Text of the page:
Kitchener Dentist Files: Save your Tooth or Extract It?

Dr. Kyle Hornby

As a Kitchener Dentist, I see patients every day with decayed teeth, infected teeth and badly broken teeth. There is always a solution for bringing these teeth back to a state of health. However, sometimes fixing a tooth does not guarantee that the investment will last long-term.

For example, I saw a patient last week at my office who had a large cavity that had grown into their nerve space. Treatment to save the tooth included a root canal. It also required a large filling to repair the cavity and a crown to reinforce the compromised tooth. In Dentistry, patients often assume that a treatment will last a long time and, perhaps, forever. And I think this is because we could be doing a better job to let patients know how long we think treatments will last.

Do I want the patient above to spend $1,000 on a root canal treatment, $300 on a filling and another $1,000 on a crown if I think the tooth might break or fracture within 5 years? More importantly, do they want to spend that money for 5 more years with their tooth? They may or they may not. But, it's worth having them know about expected longevity following treatment. This way, they can make a wise decision. They should expect that kind of thorough treatment discussion with their Kitchener Dentist.

I think it will be most useful to you if I list some factors that limit long-term success with treatments designed to save teeth. This will give you a list of questions that you can ask your Kitchener Dentist about how worthwhile treatment is likely to be.

Kitchener Dentist Files: Factors That Limit Long-Term Treatment Success

So, again, we're talking about saving teeth, here. Teeth that are infected, teeth with large cavities and teeth that are fractured. We need to establish a threshold past which we say, "it probably doesn't make to try to save this tooth". And the reason would be that treatment is costly and the tooth is not likely to last for much longer post-treatment.

Don't get me wrong, I love teeth and I think they are important. But, we have to consider value whenever we talk about embarking on treatment together. Here's a list of the factors that limit long-term survival of teeth:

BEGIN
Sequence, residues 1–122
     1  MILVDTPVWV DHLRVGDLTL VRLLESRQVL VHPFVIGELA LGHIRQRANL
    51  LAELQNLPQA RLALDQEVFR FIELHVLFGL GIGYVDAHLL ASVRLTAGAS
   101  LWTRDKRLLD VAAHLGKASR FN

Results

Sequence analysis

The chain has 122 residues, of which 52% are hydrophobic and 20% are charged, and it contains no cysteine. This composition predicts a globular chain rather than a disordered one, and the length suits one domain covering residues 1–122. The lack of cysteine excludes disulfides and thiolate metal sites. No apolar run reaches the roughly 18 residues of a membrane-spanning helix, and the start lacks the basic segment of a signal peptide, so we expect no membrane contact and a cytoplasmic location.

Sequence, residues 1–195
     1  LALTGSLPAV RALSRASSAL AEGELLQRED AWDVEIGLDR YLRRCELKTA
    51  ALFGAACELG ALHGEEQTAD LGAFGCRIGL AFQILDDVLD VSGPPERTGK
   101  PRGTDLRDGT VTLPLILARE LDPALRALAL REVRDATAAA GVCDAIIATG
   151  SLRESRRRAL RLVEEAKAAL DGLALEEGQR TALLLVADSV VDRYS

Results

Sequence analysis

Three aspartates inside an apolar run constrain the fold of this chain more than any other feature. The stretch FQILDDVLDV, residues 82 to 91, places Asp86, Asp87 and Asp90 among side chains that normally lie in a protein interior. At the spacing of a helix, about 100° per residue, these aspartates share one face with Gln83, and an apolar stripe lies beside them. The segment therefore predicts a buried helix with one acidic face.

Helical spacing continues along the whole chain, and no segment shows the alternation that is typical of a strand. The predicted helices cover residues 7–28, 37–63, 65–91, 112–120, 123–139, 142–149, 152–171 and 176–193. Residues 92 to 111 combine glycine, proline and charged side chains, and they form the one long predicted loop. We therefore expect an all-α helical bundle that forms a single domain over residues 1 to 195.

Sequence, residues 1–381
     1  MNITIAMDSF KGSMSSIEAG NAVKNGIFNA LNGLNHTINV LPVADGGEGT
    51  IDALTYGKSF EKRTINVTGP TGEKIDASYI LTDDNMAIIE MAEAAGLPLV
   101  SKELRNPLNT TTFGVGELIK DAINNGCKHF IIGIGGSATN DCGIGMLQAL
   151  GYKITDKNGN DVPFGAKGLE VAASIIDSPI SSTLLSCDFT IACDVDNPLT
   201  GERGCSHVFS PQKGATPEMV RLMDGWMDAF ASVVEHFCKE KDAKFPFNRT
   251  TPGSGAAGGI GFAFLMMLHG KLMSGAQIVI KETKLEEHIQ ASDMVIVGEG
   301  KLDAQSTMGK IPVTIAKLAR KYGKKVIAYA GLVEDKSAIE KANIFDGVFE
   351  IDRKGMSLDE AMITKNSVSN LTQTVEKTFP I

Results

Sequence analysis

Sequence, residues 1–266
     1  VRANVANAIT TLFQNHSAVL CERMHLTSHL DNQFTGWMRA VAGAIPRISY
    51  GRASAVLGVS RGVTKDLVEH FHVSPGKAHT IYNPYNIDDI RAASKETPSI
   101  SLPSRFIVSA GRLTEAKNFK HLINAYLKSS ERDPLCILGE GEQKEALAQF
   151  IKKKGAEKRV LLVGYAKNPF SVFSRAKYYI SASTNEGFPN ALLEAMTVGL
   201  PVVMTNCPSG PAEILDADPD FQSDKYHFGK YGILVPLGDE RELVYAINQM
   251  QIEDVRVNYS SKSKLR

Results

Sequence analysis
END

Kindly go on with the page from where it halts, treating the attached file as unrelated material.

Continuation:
1. Excessive loss of tooth structure. You can replace lost tooth structure with filling material. However, fillings are nowhere near as strong as tooth enamel and dentin. Patients are almost never told this. So, if a patient has a giant cavity, needs a root canal treatment and crown (about $1,500 - $2,500 depending on the tooth), they need to know if they have enough natural tooth structure remaining to get a good result. You can place a crown over top of a bunch of filling material and the whole thing can fall apart. So, ask your Kitchener Dentist: "Will I have enough remaining natural tooth structure to provide me with a long-lasting treatment outcome?".
  2. Loss of supporting gum and bone tissue. Periodontitis or "gum disease" causes slow loss of gums and bone over time. The process is so slow in fact, that patients may not notice changes in their mouth. However, if you are looking at a restorative plan for an infected or badly broken tooth, you want to know that your tooth is well supported for the long haul. Your Kitchener Dentist can evaluate bone support for your teeth through x-rays and clinical examination. Here's a helpful question you can ask: "Does that tooth have enough bone support to provide a good long-term outcome after treatment?".
  3. Presence of a large abscess or extensive infection. This point ties in with the point directly above. Your teeth need good support from surrounding bone and gum tissue to enable a long lifetime. A localized infection or abscess can dissolve bone quickly. For an infected tooth, where $1,500 - $2,500 root canal and crown treatment is recommended, a large abscess can be difficult to heal and you may not get the great long-term outcome you deserve. Accordingly, I would ask your Kitchener Dentist, "What's the long-term prognosis for the tooth? What's the likelihood that the abscess heals fully and I regenerate the lost bone?".

Summary

Ultimately, the decision to embark on costly treatment or remove your tooth is your decision. And, that's the way it should be! Your Dentist's task is to provide you with as much relevant information as possible so you can make the best decision. And the best decision is different for different people. I've had patients that look at $2,000 of treatment to save a tooth for 3 years and say, "let's go for it and hopefully, it lasts longer than that!". Others will say, "I don't think it's worth it". So make sure to exercise your right to information and autonomy. Ask good questions that will help you to make a good decision. And then, relax and let your Kitchener Dentist take care of the rest!

Thanks for reading!

By Dr. Kyle Hornby, Kitchener Dentist

If you would like a second opinion about your teeth, give us a call at (519) 576-8160 or request a consult here.

Our Kitchener Dentists are conveniently located in Downtown Kitchener and we are a short drive away for families in Kitchener, Waterloo, Breslau & Stratford.

This article is meant to promote understanding of and knowledge about general oral health topics. It is not intended to be a substitute for professional advice, diagnosis or treatment. Accordingly, always seek the advice of your Kitchener Dentist or other healthcare provider regarding a dental condition or treatment.

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